We’ll often start by first having conversations with data users, a particular community, or a professional organization, such as the American Association of Geographers. If these groups are receptive, we will work with them and other external groups to hone our ideas and develop a formal proposal. We will vet the proposal through Census Bureau’s Statistical Areas Committee (SAC). If the suggestion for a change to the criteria comes from the outside, we will develop a formal proposal to represent the suggestion, and present that proposal to the SAC.
SAC members represent all Census Bureau divisions having an interest in the use and tabulation of data for geographic areas. No decisions are made without consulting that body.
Once the SAC approves the proposal, and the Director of the Census Bureau concurs, we publish the proposal in the Federal Register, a daily publication of the US federal government that issues proposed and final administrative regulations of federal agencies. After a comment period generally ranging from sixty to ninety days, comments are reviewed and changes may be made to the proposal before it becomes final. The final criteria are then published in the Federal Register, and plans are then made to implement the proposed changes for the next census.
Interviewer: Looking beyond the next census, and taking a long-range view, what’s ahead for geography at the Census Bureau? What you would hope to witness and what change or development would you envision as possible?
Several items come to mind. We’ve seen increased interest in combining demographic and economic data to present more comprehensive information for places and other geographic areas – the Census Business Builder Tool, combining ACS and Economic Census data, is a good example (see https://www.census.gov/data/data-tools/cbb.html). The challenge, however, is that the Census Bureau has two slightly different definitions of place – one used with decennial census, American Community Survey, and population estimates data, and the other used by the Economic Census. The key difference is the treatment of towns and townships in the nine Northeastern states as well as Michigan, Minnesota, and Wisconsin. They are county subdivisions in the standard geographic hierarchy used with demographic data, but are treated as places by the Economic Census, which is generally consistent with the way in which towns and townships are viewed in the twelve states in which they are primary units of local government. We’ve begun discussing the need to adopt a standardized definition of “place” across all Census Bureau products, specifically changing the place concept to include towns and townships in those twelve states. But, as we dug into this, other definitional issues arose. We currently do not allow places to overlap. If we were to define towns and townships as places, we would have to decide how to manage the boroughs, villages, and CDPs that currently exist within towns and townships. More discussion and outreach is needed on this topic.
We’ve also seen increased interest for population data by grid cell. Several organizations in the US and other countries are producing gridded population datasets, and population analysts are increasingly turning to gridded data to overcome differences in administrative and statistical geographies from one nation to another. Grid cells are probably the easiest way to achieve standardized geographic units for population distribution analysis, but there are challenges since they do not relate specifically to familiar geographic areas.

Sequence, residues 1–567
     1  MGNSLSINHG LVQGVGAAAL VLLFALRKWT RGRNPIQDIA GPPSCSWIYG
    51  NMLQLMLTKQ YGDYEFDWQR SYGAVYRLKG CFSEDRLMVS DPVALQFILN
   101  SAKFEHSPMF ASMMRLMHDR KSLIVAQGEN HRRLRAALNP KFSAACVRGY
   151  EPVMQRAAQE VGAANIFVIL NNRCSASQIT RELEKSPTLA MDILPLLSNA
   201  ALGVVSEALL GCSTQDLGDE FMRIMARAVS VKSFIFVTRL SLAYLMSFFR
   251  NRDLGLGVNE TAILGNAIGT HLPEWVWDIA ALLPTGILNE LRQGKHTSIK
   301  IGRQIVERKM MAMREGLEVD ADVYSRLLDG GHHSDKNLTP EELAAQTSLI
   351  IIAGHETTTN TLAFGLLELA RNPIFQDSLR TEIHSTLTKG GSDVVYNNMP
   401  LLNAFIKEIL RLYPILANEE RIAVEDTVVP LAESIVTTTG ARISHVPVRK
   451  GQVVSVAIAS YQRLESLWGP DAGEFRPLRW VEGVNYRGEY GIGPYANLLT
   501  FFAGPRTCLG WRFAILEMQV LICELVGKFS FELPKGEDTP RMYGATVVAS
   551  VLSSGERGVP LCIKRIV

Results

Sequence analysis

Last, and taking a longer view, I think we need to find ways to move from our current urban-rural dichotomy to an urban-rural continuum in which we recognize multiple categories of urban and rural settlement. At a minimum, I think we need to recognize different levels of rurality rather than treating rural as a single, residual category.
Interviewer: Thank you very much for your time. Census geography is not familiar to most of our readers, and you have helped raise awareness of its importance and relevance for users of official statistics.
Interviewer: I’d like to start by talking about your background and education. What led you to major in geography and pursue a career in this field?
I started out as a political science major as an undergraduate. I had interests in government and the way the government works, government administration, and political philosophy. I thought about becoming a lawyer. I switched to geography as an undergraduate because it encompassed more of my interests in looking at all aspects of culture, geography, and the history and politics of an area. Geography was all-encompassing, and it seemed like a better home for my approach to looking at things holistically. So I switched to geography as an undergrad and got a degree in geography from the University of Maryland. I also received a Master’s degree from Oxford University. In terms of academic background, I am primarily a cultural and historical geographer. The topic of my Master’s thesis at Oxford was the growth and distribution of the Latter-Day Saint Church in Wales from 1840 to 1860. That topic led me to study the role of religion, working class movements, and how people cope with social and economic change.
I always knew I wanted to work in the federal government. My father, uncle, and grandfather were federal employees, so that was the career track I always thought I would follow. It just was a question of what federal agency. I landed at the Census Bureau after sending out resumes to every federal agency that looked interesting and hired geographers. The Census Bureau had a job when I needed a job, and it’s been a great career.